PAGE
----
Visual Arts
5:00 pm
Sun October 28, 2012

Altar Celebrates Life In Day Of The Dead Tradition

November 1st marks the traditional Mexican holiday called Dia de los Muertos or Day of the Dead –  a time to celebrate the lives of those who’ve passed away. At the Nelson-Atkins Museum of Art, artists gathered recently to create an altar for the museum’s second annual Day of the Dead celebration.

Kirkwood Hall at the Nelson-Atkins Museum of Art is bathed in an orange glow of light. The marbled hall has been lushly decorated with glowing paper lanterns, marigold garlands and floaty memorial altars for two Mexican artists who died in the past year.

The Day of the Dead is a Mexican holiday of remembrance and celebration for friends and family members who have died. Traditionally, families build private altars honoring the dead using skulls, flowers, and the favorite food and drink of the departed.

Mexican artist Betsabeé Romero directs a team from the Mattie Rhodes Center as they add bread, candles, and decorated bottles of tequila to the display.

"I think you don't need to be Mexican or Latino to think about how memories are important," said Romero.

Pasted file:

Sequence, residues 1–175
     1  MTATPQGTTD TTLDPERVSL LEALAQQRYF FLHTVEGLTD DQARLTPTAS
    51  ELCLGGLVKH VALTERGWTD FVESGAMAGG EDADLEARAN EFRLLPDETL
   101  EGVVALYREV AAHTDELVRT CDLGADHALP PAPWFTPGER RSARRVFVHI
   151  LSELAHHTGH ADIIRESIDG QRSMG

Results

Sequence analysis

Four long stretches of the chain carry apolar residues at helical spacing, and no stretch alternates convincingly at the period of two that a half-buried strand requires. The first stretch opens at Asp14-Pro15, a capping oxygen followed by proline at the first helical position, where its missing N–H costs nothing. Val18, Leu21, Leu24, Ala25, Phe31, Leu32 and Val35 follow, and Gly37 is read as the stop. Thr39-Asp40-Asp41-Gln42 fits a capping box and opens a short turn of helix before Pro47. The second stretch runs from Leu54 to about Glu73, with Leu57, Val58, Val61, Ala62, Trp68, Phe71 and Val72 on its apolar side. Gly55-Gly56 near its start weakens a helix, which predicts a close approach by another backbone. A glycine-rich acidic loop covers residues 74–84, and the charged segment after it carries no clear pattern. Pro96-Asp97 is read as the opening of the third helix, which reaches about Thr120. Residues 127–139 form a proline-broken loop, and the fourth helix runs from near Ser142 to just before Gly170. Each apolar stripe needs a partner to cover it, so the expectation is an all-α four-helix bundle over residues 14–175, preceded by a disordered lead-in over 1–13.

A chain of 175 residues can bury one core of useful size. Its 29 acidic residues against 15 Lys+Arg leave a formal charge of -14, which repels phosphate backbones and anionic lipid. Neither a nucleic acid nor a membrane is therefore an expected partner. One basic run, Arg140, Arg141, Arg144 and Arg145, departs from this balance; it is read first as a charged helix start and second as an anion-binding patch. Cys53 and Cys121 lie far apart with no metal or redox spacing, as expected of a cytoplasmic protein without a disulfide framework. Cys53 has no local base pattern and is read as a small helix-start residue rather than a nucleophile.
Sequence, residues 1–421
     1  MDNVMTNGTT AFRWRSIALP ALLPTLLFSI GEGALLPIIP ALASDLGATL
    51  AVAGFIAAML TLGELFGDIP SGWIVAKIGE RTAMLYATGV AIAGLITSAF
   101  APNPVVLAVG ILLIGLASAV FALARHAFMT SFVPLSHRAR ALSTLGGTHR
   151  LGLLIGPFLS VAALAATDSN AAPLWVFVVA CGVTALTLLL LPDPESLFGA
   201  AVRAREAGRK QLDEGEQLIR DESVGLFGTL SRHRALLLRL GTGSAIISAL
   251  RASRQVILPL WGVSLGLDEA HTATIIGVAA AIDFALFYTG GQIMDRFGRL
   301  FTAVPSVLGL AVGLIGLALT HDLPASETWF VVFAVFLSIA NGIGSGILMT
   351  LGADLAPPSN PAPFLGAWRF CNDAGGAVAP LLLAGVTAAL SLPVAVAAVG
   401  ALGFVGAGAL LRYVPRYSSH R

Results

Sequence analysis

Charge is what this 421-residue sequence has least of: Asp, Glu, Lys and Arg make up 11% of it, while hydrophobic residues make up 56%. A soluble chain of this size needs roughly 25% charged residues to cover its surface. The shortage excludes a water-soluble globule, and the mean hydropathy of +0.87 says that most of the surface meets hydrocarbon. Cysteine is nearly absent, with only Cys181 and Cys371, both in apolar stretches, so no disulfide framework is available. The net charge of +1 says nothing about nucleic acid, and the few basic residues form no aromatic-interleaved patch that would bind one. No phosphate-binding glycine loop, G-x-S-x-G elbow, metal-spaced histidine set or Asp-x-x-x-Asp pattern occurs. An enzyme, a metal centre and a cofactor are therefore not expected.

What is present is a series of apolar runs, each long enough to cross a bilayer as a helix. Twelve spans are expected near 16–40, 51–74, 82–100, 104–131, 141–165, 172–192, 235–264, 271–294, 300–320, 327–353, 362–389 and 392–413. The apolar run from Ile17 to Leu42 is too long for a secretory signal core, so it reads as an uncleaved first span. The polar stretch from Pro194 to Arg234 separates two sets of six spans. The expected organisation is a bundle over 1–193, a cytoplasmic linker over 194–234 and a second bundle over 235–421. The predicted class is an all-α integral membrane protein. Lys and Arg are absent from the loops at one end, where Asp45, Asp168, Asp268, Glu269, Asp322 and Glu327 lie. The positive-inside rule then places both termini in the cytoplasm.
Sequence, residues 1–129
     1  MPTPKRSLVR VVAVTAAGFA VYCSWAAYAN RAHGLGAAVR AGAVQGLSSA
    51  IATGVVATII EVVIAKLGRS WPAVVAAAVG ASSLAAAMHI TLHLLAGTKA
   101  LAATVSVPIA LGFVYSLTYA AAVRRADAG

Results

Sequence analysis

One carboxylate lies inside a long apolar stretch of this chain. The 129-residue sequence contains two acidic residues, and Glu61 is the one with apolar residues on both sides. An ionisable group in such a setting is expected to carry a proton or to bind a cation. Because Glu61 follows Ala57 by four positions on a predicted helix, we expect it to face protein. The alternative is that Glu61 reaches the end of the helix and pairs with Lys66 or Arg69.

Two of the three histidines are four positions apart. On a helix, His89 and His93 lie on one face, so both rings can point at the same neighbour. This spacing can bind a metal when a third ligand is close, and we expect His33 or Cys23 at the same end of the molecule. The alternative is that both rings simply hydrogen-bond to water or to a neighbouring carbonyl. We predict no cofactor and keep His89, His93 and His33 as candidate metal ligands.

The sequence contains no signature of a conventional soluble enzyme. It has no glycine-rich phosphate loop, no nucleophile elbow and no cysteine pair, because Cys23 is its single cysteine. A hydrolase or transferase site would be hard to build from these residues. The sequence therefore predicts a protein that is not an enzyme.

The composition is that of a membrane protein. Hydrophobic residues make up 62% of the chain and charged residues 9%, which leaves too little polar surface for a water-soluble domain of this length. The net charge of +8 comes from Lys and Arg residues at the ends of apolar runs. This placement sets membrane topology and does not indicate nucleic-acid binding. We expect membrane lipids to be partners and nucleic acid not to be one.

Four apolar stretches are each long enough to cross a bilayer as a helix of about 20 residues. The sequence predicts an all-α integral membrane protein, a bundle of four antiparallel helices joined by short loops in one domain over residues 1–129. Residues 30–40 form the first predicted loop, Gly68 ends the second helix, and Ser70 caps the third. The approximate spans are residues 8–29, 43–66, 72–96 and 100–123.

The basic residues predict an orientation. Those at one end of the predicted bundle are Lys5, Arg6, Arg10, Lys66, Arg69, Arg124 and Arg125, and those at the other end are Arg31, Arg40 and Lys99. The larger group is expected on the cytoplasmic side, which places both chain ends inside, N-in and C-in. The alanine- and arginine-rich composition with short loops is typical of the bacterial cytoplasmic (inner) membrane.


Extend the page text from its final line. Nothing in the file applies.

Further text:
"Both cultures - both popular and high culture, street culture and museum culture - can be together in this kind of celebration and that is what is really rich."

The traditional altar is built to honor someone who has died. This year’s altar at the Nelson memorializes and celebrates two Mexican artists who died this year.

"In this altar we honor one of our best writers, Carlos Fuentes," said Romero. "He passed away this year as well as Chavela Vargas, a popular singer. So one is a very high culture writer, very known internationally. And Chavela Vargas is a very international singer, but in popular culture.

Both cultures - both popular and high culture, street culture and museum culture - can be together in this kind of celebration and that is what is really rich."

Both are honored by Romero with floating platforms adorned with candles and keepsakes.

"It brings such a glow to the area that's not normally here," said Jenny Mendez, cultural arts director of Mattie Rhodes Center. "It seems somewhat delicate, but at the same time powerful."

Visitors are encouraged to add offerings and memorials of their own and attach them to ribbons hanging from glowing paper lanterns suspended from the ceiling of Kirkwood Hall.

Day of the Dead/Dia de los Muertos Festival, Nelson-Atkins Museum of Art, Sunday, November 4, 1 - 4 pm. Activities and performances include mariachi music by Los Musicos Mariachis, art demonstrations, the altar installation, and more.